For many, regenerative agriculture contains too many ifs, mays and coulds to serve as a serious alternative to the status quo.

Cultivated meat groups reject a narrative that wants to completely replace animal husbandry. It stated truthfully that the sector is unlikely to gain more than 20 percent of its market share. The plant-based segment makes a difference in the diet changes they are making. They talk about anti-protein overload in the United States and other Western countries, instead focusing on the cultural and nutritional value of the product.

I’d love to see more contrasts and breaking legends. We need to identify potential uncertainty and the limitations of each solution clearly. This will make the food system community as a whole more friendly and cooperative. and help outsiders to allocate support more efficiently.

3. Let’s create a more complex measure of success.

Productivity and profits have dominated today’s mainstream agricultural ambitions to the detriment of hard-to-measure metrics needed for human and planetary health. These new indicators include biodiversity, resilience, community well-being, labor rights, local pollution. and food sovereignty The overemphasis on productivity has silenced the involvement of food and agriculture practitioners with more holistic traditions, worldviews and experiences. especially indigenous peoples and smallholder farmers in the southern part of the world.

As the climate crisis escalates Adopting alternative practices can be daunting and risky. Kasetsart is an example of such a challenge. Compared to intensive farming which results in high yields and high profits. The contract will have many social, economic and environmental benefits that are difficult to quantify. but tends to yield lower returns The general carbon logic states that we need to protect crops above all to prevent encroachment on farms in native ecosystems because converting them to farmland releases a lot of carbon.

A visit to the 2,000-acre organic and more revitalized farm on the final day of the summit gave fodder for thought on this question. After experiencing severe drought-related harvest losses for the past two years, farm owner Marco Minciaroni works for resilience and rotation with the primary focus of managing his farm.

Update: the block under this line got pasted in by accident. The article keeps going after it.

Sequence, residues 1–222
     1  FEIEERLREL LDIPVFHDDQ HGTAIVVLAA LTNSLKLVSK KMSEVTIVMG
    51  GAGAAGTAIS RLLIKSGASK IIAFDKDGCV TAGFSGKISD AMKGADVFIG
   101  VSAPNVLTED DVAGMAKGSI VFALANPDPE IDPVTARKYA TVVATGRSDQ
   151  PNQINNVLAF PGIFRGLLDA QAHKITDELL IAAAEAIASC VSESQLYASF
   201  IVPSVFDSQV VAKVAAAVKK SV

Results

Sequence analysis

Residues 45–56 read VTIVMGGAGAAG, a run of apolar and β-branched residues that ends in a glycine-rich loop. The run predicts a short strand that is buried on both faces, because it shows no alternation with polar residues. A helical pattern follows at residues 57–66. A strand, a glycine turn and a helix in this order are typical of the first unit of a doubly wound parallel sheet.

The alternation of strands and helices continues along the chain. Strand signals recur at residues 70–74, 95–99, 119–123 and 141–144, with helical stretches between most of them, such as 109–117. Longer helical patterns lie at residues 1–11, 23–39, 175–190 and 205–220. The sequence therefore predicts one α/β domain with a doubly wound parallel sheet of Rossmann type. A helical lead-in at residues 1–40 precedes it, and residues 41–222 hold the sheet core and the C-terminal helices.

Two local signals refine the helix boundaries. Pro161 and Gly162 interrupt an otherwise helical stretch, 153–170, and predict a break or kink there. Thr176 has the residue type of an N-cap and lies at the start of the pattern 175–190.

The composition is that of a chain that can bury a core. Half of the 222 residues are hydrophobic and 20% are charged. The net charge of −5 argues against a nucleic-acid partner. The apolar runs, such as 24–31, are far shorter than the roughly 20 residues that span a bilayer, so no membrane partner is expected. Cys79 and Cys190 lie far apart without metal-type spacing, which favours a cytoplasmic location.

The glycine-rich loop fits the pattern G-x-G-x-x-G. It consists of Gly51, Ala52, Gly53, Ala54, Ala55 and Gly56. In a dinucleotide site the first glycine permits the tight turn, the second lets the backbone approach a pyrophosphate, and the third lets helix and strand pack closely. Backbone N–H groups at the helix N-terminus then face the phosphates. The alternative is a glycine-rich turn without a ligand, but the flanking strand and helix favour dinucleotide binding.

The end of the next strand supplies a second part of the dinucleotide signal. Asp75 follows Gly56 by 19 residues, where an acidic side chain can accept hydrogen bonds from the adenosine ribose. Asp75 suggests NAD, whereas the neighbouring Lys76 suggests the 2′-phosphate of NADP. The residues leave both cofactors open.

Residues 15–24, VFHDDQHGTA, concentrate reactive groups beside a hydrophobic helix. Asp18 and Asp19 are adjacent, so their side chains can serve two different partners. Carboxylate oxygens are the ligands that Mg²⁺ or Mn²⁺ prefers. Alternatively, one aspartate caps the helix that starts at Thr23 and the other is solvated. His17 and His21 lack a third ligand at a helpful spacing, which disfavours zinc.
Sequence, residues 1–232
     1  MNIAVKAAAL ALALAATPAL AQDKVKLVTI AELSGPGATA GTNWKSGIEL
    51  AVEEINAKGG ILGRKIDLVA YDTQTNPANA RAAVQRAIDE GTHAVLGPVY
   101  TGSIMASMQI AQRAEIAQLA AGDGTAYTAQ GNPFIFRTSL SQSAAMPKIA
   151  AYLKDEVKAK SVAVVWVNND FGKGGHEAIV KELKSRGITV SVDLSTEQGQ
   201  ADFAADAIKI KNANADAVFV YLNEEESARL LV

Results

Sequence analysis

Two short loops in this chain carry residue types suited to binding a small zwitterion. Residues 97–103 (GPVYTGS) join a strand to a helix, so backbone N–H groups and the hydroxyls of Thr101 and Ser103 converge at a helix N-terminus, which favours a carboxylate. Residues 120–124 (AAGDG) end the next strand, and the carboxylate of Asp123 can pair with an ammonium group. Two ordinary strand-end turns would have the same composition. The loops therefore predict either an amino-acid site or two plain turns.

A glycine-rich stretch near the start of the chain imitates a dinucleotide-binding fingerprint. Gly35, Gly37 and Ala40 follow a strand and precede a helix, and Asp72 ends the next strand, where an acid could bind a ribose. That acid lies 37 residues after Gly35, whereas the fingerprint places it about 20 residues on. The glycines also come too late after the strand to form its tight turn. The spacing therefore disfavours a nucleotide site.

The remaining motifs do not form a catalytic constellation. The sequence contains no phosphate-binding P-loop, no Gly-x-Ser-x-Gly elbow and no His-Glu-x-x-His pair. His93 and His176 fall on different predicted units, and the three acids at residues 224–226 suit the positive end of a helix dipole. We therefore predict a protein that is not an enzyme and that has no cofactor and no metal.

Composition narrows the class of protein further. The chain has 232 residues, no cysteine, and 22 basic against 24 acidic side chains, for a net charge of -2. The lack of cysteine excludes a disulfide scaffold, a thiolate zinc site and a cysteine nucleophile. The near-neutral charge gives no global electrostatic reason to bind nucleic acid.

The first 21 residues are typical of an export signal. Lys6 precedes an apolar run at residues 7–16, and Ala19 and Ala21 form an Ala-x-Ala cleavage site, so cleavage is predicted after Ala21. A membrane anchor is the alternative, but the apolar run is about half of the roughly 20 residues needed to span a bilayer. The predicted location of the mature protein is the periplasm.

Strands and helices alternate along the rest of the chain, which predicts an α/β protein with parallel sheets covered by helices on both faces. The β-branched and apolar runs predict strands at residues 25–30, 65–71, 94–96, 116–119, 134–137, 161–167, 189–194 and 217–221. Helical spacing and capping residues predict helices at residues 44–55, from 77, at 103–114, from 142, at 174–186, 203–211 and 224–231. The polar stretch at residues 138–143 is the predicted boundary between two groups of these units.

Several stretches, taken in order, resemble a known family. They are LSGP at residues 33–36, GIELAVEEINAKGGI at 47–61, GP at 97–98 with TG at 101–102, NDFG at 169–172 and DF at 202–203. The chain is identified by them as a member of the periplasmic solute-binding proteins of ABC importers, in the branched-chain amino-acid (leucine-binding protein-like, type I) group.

Minciaroni acknowledged that agricultural practices such as biodiversity band planting hedging and ground cover plants The use of traditional seed and reduced tillage tends to reduce yield per acre and his harvest. But he believes investing in soil health. water retention And pollination will improve his long-term success under more extreme conditions.

[Interested in learning how we can transform food systems to equitably and efficiently feed a more populous planet while conserving and regenerating the natural world? Check out the VERGE 22 Food Program, taking place in San Jose, CA, Oct. 25-28.]

He also experimented with intercropping. This means that he grows wheat and lentils in the same field. and plans to combine chicken and wild asparagus with his olive grove. when calling These practices will increase the overall productivity of his farm.

For many, Minciaroni’s and other farmers’ experiences in regenerative agriculture are conditional, feasible. and too much capacity to be a serious choice for the status quo. What if their hopes don’t come true and we end up in global starvation beyond the climate crisis?

I have that fear too. But I also thought what would happen if we didn’t. What are the risks and costs of not investing in these options? Aside from the many summit attendees, I don’t think we’ve analyzed enough about what happens if we don’t optimize for our mutual benefit. Or at least it hasn’t been considered. all evidenceAgricultural methods will not be a viable option for all farms everywhere, but many will benefit from review and restructuring of success measures.